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Region Hovedstaden - en del af Københavns Universitetshospital
Udgivet

Does losing a parent early influence the education you obtain? A nationwide cohort study in Denmark

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  • B L Høeg
  • C Johansen
  • J Christensen
  • K Frederiksen
  • S Oksbjerg Dalton
  • P Bøge
  • A Dencker
  • A Dyregrov
  • P E Bidstrup
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Background: Health inequalities are rooted in education and we investigate the association between early parental death and attainment across the educational spectrum.

Methods: Using total population data on Danes born between 1982 and 2000 (n = 1 043 813), we assess incidence rate ratios (RRs) by gender for attainment of each educational level (basic school, high school or vocational training, bachelor degree or professional programme, and university graduate degree) according to loss of a parent before the age of 18 years. We adjust for family income, education and psychiatric illness and examine parent's gender, cause of death and child's age at time of death as potential moderators.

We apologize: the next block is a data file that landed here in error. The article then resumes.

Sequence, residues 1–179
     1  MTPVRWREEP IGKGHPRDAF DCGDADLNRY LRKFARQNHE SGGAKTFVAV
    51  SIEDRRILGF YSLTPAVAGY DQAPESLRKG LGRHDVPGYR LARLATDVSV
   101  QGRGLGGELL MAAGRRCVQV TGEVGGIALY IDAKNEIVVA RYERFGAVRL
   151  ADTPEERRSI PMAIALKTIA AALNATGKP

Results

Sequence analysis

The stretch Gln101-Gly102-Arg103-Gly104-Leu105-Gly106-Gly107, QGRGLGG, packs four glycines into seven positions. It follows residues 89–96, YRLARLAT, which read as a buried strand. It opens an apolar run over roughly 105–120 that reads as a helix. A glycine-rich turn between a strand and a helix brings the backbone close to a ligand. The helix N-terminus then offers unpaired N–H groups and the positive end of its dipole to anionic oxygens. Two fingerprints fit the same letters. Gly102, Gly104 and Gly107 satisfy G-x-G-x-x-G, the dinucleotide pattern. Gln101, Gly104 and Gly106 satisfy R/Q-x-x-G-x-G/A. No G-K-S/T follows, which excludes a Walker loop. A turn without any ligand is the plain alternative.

Results: Bereaved people had significantly lower attainment rates than non-bereaved people: basic school (RR = 0.95; 95% CI: 0.93-0.97 for men and 0.96; 0.94-0.98 for women), high school or vocational training (0.78; 0.76-0.80 for men and 0.82; 0.80-0.84 for women), bachelor degree or professional programme (0.74; 0.70-0.79 for men and 0.83; 0.79-0.86 for women) and university graduate degree (0.77; 0.68-0.86 for men and 0.77; 0.69-0.86 for women). Parent's gender, cause of death and child's age at the death did not modify the associations.

Conclusions: As education impacts population health, support for bereaved school children may be more important than realized.

OriginalsprogEngelsk
TidsskriftJournal of Public Health
Vol/bind41
Udgave nummer2
Sider (fra-til)296-304
Antal sider9
ISSN1741-3842
DOI
StatusUdgivet - 2019

ID: 55811990